All the Right Pieces: Assembling Atlanta’s real estate success
...Healthy numbers in corporate development create an urge to return to the city. Urban development is ramping up as developers realize a growing segment of the population does not want a house in the suburbs. “Atlanta has become a vibrant business hub and as a result has attracted a very diverse—in age and culture—workforce,” says Nancy Miller 88WEMBA, president of the national net lease investment group at Bull Realty. She also cites the climate and close proximity to major transportation as big selling points for the city.
Atlanta paces ahead of the national average in overall population growth, boasting a 2.2 percent increase from 2016–17 against a 0.8 percent increase nationally. Metro Atlanta is one of just 11 major metropolitan areas growing at a pace of more than 1,000 persons per week.
“There’s a national trend of people moving back into cities. They want to be close to where they work,” says Rob Brawner 06MBA, executive director of the Atlanta BeltLine Partnership. “They want to spend less time in their cars. They want to be able to connect with their neighbors, not just pull into a garage and not interact with others in their community. It’s all driving the move back to cities, and cities have to build the infrastructure to support that.”
Of course, younger professionals are attracted to the city. Atlanta is a hot spot for millennials, and over the past five years, the city’s millennial population has grown 12.3 percent. The national average is just 2.6 percent.
Atlanta’s growth also comes while maintaining affordability.
In the past five years, the city has lagged slightly behind the national average in disposable income increases (3.2 to 4.2 percent), but it remains attractive to home buyers. The median home price of $190,937 is well below the national average of $243,425, according to a trend report from PricewaterhouseCoopers.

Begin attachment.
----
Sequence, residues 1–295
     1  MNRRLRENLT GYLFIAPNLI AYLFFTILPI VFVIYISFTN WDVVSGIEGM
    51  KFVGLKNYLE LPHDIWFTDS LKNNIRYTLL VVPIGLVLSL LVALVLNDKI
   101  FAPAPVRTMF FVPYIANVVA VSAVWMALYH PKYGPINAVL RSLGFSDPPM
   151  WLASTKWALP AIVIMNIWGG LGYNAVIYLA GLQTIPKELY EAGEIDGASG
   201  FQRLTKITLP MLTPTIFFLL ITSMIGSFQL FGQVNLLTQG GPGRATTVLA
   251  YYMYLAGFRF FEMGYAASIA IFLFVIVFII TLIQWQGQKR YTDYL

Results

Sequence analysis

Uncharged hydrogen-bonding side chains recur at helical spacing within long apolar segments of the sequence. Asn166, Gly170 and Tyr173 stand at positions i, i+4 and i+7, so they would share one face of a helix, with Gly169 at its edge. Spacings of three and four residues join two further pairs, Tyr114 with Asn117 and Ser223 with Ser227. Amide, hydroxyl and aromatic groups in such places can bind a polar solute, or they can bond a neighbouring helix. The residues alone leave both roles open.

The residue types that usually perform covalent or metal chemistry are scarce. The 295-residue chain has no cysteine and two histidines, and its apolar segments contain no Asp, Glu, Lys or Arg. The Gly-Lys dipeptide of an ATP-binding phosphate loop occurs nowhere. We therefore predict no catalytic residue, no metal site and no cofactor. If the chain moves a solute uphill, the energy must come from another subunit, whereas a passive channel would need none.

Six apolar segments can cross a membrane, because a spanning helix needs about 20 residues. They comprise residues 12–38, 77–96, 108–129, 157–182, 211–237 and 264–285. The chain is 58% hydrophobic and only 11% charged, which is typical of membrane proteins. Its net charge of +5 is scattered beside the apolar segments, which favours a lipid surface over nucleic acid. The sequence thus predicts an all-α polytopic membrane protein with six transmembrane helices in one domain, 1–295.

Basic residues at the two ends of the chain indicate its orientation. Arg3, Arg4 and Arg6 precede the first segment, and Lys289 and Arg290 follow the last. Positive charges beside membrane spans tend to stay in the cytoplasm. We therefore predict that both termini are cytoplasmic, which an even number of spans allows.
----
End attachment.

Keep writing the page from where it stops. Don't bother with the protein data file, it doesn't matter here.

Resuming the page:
“We have matured as a real estate community. For many years, Atlantans didn’t live in high-rise buildings of any type,” notes A. J. Robinson 77BBA, president of Central Atlanta Progress, a private, nonprofit corporation that strives to create a robust economic climate for Downtown Atlanta. “You had office buildings, but most things were three- to four-story apartments or condos, and now we’re getting to be like most cities, where people live way up in the air. And we’re building high-rise towers as residential. We’re sprouting up everywhere. And that’s dramatic.”
For instance, in February 2016, Post Properties broke ground on a $96 million, 438-unit apartment building called Post Centennial Park in Downtown Atlanta. The design features luxury, walkability, easy access to transit, and greenspace—all elements in demand for today’s workers.
“What’s happened is the next generation of the American workforce is now in the position to make decisions, and they’re saying, ‘No, we don’t want to drive to the next stop on the highway,’” says Jim Irwin 07MBA, president of New City LLC. “We don’t want to battle two hours of traffic a day to go back and forth from work.”
“Millennials are very big into low maintenance,” adds Aty Biswese 14WEMBA, managing director of Third Story Capital in Washington, DC. “They’re always on the move, so they want homes that are low maintenance.”